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Adding shiplap walls to your home is easier and cheaper than you may think. And you’ll happy to know that you don’t need real shiplap – that stuff is pricey and labor intensive! This tutorial will teach you how to use simple plywood to get the shiplap effect for a fraction of the cost. 

It seemed like just yesterday we spent a grueling week figuring out how to seal cement tile in our powder room but the results were awe-inspiring! So much that we were all fired-up for the next phase of our improvement – upgrading the ugly walls. 

Since we installed, grouted and sealed the beautiful cement tile, my husband and I could not agree on what kind of walls would offset this gorgeous tile pattern. 

Gray cement tile floor in bathroom

When I first started this powder room project, many of my inspiration pictures featured either plank ship lap walls, plank walls or beadboard.

My husband, Brian, was not convinced. He remained skeptical about the shiplap look that I desperately wanted, preferring instead a simple and classic half-wall beadboard.

Blah! While I love it looks, we’ve already installed beadboard in our master bathroom.

In the end, he finally came around to my way of thinking. As he usually does!

What is Shiplap Anyway?

Shiplap is a type of wooden board commonly used as exterior siding in the construction of residences, barns, sheds, etc.

Nowadays, shiplap is a popular interior design choice. The wood paneling is hung horizontally, sometimes vertically, with gaps between the planks that add to its unique look. You may also hear people also refer to is as plank walls or tongue and groove walls. 

Shiplap Walls: What To Buy

After doing a ton of research, I realized that there are many different ways to achieve the shiplap look. For us, it came down to three options: tongue & groove shiplap boards (which we used in our sons’ big boy bedroom makeover), MDF boards or luan plywood. I’ve seen all of these materials used in rooms with amazing results.  

Ultimately, easy-of-installation and the lower price point won out – we chose the plywood. The cost of purchasing drywall and hiring labor to correctly tape and mud would be too significant. 

Large sheets of luam plywood from Lowe's to use for shiplap

These large sheets of plywood from Lowe’s come in at the low-low price of $13 per sheet. AND they ripped them down for free. All 8 sheets of them. We opted for the smoothest and thinnest sheet we could find, just one-quarter inch thick and relatively smooth.

We gave the guy a generous tip because it probably was more than they usually cut for free!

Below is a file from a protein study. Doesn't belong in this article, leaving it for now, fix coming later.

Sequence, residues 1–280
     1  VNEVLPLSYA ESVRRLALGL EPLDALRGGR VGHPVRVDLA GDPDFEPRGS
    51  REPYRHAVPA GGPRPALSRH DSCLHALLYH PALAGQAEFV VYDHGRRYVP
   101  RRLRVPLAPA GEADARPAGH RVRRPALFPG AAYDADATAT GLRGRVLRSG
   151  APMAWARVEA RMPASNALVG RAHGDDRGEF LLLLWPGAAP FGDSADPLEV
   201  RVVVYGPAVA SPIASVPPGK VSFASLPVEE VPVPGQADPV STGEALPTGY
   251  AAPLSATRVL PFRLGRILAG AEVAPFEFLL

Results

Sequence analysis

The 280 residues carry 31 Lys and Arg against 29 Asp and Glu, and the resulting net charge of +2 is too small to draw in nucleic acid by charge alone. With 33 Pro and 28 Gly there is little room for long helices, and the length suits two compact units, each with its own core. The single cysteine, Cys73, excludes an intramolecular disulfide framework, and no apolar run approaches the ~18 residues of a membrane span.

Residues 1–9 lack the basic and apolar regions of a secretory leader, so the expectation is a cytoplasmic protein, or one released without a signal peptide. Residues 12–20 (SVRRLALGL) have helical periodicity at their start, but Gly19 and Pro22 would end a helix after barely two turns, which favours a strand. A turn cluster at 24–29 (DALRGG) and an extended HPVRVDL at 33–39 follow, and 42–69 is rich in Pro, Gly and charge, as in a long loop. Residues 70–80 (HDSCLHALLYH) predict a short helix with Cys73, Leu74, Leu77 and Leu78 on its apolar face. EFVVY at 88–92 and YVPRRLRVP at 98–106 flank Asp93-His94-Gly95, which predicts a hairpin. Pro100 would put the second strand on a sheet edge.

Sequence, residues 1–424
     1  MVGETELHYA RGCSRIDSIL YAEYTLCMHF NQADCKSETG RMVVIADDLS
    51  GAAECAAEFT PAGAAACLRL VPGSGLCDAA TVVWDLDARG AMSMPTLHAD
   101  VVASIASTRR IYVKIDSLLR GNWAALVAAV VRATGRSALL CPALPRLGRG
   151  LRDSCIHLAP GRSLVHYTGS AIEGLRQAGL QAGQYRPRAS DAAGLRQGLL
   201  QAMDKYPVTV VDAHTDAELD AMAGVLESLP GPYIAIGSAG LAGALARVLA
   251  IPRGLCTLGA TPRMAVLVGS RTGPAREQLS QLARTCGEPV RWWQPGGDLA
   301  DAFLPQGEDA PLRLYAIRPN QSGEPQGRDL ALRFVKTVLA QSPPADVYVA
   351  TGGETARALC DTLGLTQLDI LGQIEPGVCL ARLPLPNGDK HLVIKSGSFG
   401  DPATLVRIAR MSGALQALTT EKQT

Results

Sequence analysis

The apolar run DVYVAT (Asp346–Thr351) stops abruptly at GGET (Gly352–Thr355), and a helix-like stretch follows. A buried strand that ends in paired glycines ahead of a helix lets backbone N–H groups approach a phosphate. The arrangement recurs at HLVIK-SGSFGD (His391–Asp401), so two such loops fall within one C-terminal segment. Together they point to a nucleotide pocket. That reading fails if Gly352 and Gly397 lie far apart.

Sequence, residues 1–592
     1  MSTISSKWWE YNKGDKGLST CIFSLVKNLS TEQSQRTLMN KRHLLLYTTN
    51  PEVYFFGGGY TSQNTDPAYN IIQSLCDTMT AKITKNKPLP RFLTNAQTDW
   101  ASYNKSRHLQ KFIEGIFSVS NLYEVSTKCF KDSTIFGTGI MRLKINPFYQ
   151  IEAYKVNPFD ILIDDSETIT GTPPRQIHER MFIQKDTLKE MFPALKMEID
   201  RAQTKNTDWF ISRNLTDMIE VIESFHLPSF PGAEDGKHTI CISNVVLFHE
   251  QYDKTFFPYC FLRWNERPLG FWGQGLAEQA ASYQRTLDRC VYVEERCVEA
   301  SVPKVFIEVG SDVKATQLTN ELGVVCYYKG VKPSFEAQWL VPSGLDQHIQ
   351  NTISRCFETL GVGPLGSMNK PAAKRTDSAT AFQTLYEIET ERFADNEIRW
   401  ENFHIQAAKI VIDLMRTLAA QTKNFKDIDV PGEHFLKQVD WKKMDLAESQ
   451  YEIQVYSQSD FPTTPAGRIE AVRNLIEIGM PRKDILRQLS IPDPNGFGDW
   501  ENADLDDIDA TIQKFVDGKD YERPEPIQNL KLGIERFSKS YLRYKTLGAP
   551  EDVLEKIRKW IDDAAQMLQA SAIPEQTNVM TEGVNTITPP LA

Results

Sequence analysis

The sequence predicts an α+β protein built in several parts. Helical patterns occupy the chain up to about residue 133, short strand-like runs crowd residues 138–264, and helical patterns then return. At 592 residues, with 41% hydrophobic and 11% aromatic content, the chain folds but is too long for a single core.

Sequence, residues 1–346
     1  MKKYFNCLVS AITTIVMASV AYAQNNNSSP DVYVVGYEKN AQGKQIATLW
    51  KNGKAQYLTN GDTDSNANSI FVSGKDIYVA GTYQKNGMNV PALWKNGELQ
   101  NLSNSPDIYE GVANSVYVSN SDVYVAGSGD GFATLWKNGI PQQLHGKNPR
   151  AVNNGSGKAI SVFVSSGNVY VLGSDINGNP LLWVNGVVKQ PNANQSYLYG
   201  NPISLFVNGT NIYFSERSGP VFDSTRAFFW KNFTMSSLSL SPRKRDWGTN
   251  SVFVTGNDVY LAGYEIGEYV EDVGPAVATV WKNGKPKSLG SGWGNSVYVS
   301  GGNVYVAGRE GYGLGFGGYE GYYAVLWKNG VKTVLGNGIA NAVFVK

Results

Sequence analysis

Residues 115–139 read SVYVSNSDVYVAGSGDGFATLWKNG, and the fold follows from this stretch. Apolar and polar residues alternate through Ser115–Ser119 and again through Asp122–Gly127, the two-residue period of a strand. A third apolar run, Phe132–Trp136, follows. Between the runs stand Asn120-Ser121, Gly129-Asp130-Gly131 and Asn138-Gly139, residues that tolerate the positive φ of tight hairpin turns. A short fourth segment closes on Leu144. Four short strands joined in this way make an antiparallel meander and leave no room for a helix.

Get plywood cut for free at Lowe's

Since our bathroom is tiny, I decided to go with an 8 inch wide plank, with the idea that less horizontal lines would be a good thing in a small space.

That’s the wonderful thing about installing plywood shiplap walls – you can customize to the exact look you want! 

Shipload from cheap luan plywood

Once we got home, I sanded every single one of those boards by hand, since my electric sander decided to die at the precise moment I needed to use it. The job was painless though. No jagged boards allowed! 

Shiplap Walls: Installation

Prep Your Room

Shiplap will fit nicely over imperfect drywall and wallpaper but if you have tiles, remove them first. You can also apply over plaster walls but in that case, I would recommend a frustration-free product like Liquid Nails. 

For our project, we were installing the shiplap in a room with a sink and toilet – no shower or bathtub. Shiplap works best in properly-ventilated rooms. 

The first step to saying goodbye to the old look is to give the room a nice coat of paint. I painted both the wall and the edges of the boards (as I installed each one) with the same color so that the gaps were the same color as the boards. You don’t need a special outdoor paint – simple bathroom paint will work. 

Acclimate and Cut The Planks

You may want to leave the planks in the room for a few days to get them acclimated to their new home.  Wood that’s not acclimated to the humidity of your home can warp.

Once we were ready to begin installing, we measured each wall and cut the first pieces of wood to the correct length. 

A regular hand saw will work for this task, but we used a compound sliding miter saw to give cleaner cuts, in a fraction of the time. We also used our jig saw to cut out a few funky areas, like around the toilet pipe and around outlets. 

Get The First Board Level

Start with the first cut board and install at the bottom of the wall.